Poutine is to Canada what currywurst is to Berlin. Or cheesesteak is to Philly. It’s cheap, messy, ubiquitous–and delicious.
Or at least, it can be.
There is a very fine line between good poutine and bad.
Every greasy spoon and hamburger offers some version of the dish. But just because it starts with a “p” and ends with an “e” doesn’t mean the stuff in the middle is done right.
And you can’t tell just by looking.
Good poutine and bad poutine appear exactly the same on the plate: essentially a heap of fries drenched in gravy and splattered with cheese curds.
This is not an attractive dish, to be sure. Your eyes will tell your brain it might be best to stay away from this mess.
So shut your eyes.
Good poutine starts with thick, hand-cut, twice-cooked fries, piping hot and crispy. Over these, a thick–but not too thick–gravy is ladled; it should be home-made, dark and just a tad on the salty side. And the cheese curds must be fresh, not frozen, and they should squeak when you bite into them. If there’s no squeak, your poutine’s a poser. Demand a refund.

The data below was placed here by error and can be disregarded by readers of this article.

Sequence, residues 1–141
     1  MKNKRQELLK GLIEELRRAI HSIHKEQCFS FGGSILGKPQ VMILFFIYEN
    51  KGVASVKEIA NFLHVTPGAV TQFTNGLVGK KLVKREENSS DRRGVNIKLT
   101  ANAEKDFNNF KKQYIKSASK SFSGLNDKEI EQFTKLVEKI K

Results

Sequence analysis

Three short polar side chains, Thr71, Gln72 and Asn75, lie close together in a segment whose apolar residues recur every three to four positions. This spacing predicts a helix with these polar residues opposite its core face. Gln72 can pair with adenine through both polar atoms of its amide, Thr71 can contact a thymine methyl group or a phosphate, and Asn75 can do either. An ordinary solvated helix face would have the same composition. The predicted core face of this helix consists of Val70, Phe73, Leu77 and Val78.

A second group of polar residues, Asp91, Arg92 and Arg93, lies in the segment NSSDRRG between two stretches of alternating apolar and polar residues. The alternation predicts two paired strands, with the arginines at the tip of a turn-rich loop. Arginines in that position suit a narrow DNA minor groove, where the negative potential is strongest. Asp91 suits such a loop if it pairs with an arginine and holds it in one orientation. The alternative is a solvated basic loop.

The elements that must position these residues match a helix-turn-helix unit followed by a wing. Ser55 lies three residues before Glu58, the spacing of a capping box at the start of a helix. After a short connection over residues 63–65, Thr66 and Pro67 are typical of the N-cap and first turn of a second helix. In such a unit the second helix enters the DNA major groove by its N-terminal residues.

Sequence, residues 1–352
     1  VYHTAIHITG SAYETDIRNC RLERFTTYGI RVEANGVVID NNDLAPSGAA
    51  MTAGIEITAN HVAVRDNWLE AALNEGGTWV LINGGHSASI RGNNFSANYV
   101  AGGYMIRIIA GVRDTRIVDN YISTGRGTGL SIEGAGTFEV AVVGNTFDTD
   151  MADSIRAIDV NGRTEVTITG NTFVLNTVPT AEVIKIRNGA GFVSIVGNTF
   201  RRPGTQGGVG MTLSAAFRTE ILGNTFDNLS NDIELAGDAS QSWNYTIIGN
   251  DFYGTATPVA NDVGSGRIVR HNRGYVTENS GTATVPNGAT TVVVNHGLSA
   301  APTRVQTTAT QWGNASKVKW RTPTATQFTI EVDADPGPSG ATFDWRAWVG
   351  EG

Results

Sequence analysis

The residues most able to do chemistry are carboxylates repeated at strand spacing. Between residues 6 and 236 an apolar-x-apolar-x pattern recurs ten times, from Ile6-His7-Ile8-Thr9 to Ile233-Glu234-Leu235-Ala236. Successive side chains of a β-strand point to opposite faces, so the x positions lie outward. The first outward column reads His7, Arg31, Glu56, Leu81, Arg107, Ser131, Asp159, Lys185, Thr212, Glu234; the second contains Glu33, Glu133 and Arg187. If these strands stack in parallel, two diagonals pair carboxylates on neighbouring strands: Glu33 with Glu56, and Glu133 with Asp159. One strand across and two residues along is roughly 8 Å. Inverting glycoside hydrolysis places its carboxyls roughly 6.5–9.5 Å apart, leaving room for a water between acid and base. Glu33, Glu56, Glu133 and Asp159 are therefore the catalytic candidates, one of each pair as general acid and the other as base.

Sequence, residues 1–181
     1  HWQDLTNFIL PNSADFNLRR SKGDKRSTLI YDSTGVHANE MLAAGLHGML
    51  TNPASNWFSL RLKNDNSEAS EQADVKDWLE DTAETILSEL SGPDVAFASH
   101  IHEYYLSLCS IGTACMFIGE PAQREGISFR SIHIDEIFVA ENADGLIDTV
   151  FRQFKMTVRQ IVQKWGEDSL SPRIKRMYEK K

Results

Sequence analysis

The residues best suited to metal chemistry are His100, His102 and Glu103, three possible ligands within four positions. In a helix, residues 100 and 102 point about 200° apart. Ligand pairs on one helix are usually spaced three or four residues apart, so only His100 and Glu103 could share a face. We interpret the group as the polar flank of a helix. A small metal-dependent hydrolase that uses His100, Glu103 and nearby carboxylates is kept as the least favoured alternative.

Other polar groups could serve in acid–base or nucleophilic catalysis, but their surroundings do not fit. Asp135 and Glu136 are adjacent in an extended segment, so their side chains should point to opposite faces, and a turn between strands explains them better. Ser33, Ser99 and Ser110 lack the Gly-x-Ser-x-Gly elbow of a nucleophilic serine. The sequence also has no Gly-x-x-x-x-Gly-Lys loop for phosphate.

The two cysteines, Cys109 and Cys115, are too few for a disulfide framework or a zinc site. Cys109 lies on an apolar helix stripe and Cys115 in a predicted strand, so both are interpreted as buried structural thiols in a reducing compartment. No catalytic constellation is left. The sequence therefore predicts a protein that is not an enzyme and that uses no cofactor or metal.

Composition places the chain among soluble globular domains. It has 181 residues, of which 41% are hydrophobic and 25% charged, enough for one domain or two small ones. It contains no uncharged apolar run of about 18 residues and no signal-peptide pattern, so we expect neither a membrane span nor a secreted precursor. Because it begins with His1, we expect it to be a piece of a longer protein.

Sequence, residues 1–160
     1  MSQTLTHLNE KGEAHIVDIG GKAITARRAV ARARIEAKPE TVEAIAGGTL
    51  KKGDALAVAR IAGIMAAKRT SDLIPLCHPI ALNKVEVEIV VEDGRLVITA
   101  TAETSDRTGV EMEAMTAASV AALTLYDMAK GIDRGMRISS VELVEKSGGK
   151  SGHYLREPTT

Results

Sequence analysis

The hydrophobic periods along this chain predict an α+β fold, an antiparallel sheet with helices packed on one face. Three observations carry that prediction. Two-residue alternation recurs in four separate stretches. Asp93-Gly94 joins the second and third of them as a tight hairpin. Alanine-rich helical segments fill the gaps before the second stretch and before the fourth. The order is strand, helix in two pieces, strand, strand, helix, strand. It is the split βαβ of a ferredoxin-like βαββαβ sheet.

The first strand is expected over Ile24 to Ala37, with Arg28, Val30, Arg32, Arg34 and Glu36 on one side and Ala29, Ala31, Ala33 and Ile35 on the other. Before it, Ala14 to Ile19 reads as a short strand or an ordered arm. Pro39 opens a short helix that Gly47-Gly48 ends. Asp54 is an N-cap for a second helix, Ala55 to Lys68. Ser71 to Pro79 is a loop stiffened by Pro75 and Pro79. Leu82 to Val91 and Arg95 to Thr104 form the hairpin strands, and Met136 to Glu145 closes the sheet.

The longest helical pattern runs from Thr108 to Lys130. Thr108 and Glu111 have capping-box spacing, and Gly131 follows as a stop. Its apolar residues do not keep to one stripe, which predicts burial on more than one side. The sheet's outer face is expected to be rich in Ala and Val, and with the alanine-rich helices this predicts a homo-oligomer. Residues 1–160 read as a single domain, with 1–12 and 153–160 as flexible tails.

Bad poutine is mushy, pale and bland. And there is more bad poutine than good for sale in Canada, so be vigilant in your pursuit of The Real Thing.
Be advised that you will greatly increase your enjoyment of any poutine if you are cold or slightly drunk, or ideally both.
There are many places to enjoy good poutine in Canada. Here are my favourites–not including the famous street-level chip trucks that can be found all over eastern Canada, but especially throughout Ontario and Quebec:
- La Banquise, Montreal
- Au Pied du Cochon, Montreal
- Poutini’s, Toronto
- CHARCUT, Calgary
- La Belle Patate, Vancouver
- Belgian Fries, Vancouver
Please help keep the standard high: add your local faves in the comments section below…